Gambusia affinis (western mosquitofish) has a maximum length
of 56 mm, and is always found in high densities in the lower stream reaches,
usually in the presence of another poeciliid fish, Poecilia mexicana.
The highest elevation at which Gambusia affinis has been found
was 185 m in Poliwai Gulch, near the Waiahole Ditch. Gambusia
affinis exhibits a wide salinity tolerance of 0 to 40 ppt, but is
usually found in areas having salinities of 16 ppt or less. Gambusia
affinis stomachs from Pearl Harbor streams were examined and found
to contain various aquatic fauna such as chironomids, shrimp, and ants.
Native damselflies were not found in these stomachs, but this was not
surprising because of the complete lack of native damselflies in all areas
where Gambusia affinis was found.
Predator-prey relationships between fish and Odonata have been extensively
studied in temperate regions, and fish have been shown to affect the distribution
of many species of Odonata. In Sweden, experiments found that dragonfly
larvae inhabiting only fishless lakes and acid bog ponds attempted to
actively escape from fish predators, while species from lakes containing
fish feigned death and remained still when attacked. This naïve larval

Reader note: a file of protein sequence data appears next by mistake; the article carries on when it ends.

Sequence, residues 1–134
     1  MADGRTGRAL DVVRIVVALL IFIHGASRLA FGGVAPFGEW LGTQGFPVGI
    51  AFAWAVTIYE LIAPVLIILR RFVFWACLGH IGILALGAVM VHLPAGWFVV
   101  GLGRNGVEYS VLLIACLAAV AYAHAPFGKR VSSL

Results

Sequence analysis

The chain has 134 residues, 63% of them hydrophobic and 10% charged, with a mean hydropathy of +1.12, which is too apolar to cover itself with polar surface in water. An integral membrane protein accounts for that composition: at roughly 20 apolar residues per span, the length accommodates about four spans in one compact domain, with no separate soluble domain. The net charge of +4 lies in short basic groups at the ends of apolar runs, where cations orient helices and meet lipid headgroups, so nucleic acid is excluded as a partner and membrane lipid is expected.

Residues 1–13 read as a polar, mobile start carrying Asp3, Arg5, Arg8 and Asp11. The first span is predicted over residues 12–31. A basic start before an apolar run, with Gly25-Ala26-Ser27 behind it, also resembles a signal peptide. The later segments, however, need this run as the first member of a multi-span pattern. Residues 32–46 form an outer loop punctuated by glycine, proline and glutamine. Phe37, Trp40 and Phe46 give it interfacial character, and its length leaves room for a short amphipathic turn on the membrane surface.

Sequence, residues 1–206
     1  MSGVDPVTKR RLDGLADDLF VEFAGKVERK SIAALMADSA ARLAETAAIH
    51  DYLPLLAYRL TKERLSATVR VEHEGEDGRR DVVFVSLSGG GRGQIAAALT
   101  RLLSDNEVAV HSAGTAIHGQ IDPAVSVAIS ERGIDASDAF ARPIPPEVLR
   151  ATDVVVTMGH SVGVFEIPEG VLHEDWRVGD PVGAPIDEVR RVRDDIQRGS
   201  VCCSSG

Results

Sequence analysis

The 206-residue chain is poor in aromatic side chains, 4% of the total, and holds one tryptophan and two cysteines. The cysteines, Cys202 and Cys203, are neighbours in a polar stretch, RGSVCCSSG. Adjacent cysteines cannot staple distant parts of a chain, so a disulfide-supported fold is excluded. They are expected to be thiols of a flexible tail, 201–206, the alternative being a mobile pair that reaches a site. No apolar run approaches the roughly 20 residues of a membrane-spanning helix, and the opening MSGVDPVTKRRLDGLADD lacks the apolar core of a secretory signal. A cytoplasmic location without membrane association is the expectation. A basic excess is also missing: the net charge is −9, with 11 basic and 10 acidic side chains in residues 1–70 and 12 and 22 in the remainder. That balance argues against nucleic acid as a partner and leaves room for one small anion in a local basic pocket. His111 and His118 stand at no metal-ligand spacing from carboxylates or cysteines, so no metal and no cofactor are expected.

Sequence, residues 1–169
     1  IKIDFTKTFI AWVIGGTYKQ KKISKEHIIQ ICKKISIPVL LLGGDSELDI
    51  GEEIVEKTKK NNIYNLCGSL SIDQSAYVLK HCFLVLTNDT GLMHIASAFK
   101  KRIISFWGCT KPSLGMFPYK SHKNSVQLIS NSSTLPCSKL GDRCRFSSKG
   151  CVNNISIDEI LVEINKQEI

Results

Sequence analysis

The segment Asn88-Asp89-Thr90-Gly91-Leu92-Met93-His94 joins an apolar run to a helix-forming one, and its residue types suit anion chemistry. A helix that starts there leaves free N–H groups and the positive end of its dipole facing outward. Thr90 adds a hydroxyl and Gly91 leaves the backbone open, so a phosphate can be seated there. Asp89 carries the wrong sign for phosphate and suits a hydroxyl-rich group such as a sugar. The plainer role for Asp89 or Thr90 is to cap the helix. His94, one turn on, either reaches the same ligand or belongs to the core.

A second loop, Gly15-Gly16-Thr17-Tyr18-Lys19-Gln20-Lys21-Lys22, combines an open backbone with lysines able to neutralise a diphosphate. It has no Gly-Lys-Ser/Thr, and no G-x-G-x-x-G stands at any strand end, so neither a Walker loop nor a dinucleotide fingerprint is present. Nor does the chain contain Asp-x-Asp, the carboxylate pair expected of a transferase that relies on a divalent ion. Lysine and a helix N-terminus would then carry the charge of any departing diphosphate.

escape response to the threat of predation was similar to that observed
for Hawaiian Megalagrion damselfly larvae both in the field and
in aquarium observations. Similar naïve behaviors have been seen
in Enallagma damselflies from fishless lakes, which attempted to
swim away from predators. While this behavior was successful against attacks
by immature dragonflies, it failed to deter fish predation.
Poeciliid predation was also correlated with the elimination of native
Odonata species in Australian lakes. In one study, lakes containing Gambusia
affinis had only 3-4 species of Odonata, while nearby lakes without
introduced fish contained 11 species. In the presence of mosquitofish,
declines in Odonata populations were also found in California rice fields.
Although most research on the negative effects of poeciliids on native
species has involved Gambusia affinis, some authors believe that
the carnivorous Poecilia reticulata might also have impacts similar
to that of Gambusia affinis on native aquatic biota.